A rubbish pit is a way of disposing of household waste by burying it, after it has been reduced or recycled as much as possible. This helps prevent contamination of water supplies and breeding of flies and rats which may spread disease to people in the community. A rubbish pit reduces unpleasant smells and removes household waste from sight.
Household rubbish should be sorted before it is considered for the rubbish pit. Organic materials, such as vegetable peelings, should be used to make compost. Other types of household rubbish could be reused or recycled. Avoid putting batteries and other toxic waste in a rubbish pit as these will contaminate the soil and water sources.
An average rubbish pit should be the size of two or three doors. This size of rubbish pit will last for about five years for an average family. For large households, the rubbish pit could be bigger.
Selecting a site
The following factors should be considered:
Distance The rubbish pit should be far enough from wells and streams to protect water sources from contamination. More than 30m is recommended. It should be far enough from houses to stop people falling in, but not so far that waste has to be carried a long way. Between 20m and 100m is recommended.
Geography The rubbish pit should not be located on valuable land, such as crop land. If the pit is dug on wet ground it may smell bad.
Groundwater The bottom of the pit must be at least 1m above the level of groundwater during the rainy season. If necessary, dig a test hole 1m deeper than the bottom of the proposed pit just after the rainy season. If no groundwater is observed in the hole, the site is suitable.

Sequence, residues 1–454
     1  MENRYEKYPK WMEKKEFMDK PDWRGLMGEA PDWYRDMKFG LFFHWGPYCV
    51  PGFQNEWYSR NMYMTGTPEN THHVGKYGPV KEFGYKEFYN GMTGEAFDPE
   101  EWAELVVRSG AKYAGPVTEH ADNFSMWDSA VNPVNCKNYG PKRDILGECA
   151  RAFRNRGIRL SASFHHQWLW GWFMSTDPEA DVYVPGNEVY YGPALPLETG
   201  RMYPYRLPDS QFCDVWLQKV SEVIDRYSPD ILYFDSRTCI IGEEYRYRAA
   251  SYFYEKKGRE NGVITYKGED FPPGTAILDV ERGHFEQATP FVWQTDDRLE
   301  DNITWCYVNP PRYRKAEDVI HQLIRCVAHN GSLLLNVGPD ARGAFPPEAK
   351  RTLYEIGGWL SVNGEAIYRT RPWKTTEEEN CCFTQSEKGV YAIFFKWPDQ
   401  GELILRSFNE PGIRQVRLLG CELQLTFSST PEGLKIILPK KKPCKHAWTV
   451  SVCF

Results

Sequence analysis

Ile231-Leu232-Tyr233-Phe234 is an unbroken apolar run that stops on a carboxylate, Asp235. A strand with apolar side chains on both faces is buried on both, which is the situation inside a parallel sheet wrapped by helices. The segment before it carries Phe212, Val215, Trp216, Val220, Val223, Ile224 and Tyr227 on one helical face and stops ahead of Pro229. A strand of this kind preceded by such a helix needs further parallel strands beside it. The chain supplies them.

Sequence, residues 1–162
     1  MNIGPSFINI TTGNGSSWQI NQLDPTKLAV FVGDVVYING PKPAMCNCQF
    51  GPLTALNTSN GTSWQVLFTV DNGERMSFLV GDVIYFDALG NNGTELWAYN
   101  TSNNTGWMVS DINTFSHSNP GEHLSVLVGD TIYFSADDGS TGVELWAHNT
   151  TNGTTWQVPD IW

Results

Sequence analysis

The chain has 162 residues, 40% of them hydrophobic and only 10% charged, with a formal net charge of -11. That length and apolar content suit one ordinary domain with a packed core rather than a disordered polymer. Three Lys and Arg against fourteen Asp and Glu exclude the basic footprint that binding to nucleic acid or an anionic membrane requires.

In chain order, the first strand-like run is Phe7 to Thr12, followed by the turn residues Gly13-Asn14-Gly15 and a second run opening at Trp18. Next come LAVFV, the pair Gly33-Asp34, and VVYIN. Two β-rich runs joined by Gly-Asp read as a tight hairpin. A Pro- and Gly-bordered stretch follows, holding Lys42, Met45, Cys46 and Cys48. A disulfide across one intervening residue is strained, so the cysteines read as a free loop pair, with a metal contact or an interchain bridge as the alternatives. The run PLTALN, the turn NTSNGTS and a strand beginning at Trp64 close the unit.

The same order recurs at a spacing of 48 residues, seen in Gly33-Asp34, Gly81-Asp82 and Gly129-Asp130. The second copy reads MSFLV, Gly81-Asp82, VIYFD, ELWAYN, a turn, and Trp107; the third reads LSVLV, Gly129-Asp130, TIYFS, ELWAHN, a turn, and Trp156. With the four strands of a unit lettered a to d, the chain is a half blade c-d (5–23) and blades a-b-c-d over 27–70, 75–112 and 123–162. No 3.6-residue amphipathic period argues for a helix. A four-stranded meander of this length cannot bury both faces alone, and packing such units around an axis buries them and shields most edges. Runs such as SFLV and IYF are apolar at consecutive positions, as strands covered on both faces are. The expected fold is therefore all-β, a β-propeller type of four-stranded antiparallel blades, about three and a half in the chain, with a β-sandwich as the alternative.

Cover soil The pit should be located near ground which can be easily dug. Keep the soil that has been removed for covering the rubbish.
Digging the rubbish pit
The rubbish pit should be between 1m and 1.5m deep. It is a good idea to dig only about 1m of the desired length of the pit to start with. Otherwise the rest may fill with soil due to wind and water erosion.
Using the rubbish pit
When rubbish is placed in the pit, cover
it with a thin layer of soil. Do not leave
exposed waste in the pit. Compact it and
When the waste and cover soil have
nearly risen to the ground surface, place
a final thick layer of soil or composted
material. Then dig a new pit.
Based on USAID (1982) Water for the
World technical notes: www.lifewater.org
Care must be taken when handling waste to
prevent cuts from sharp-edged scraps.
Cleanliness is important to prevent the
spread of disease. People should wash their
hands after handling household waste,
especially before preparing and eating food.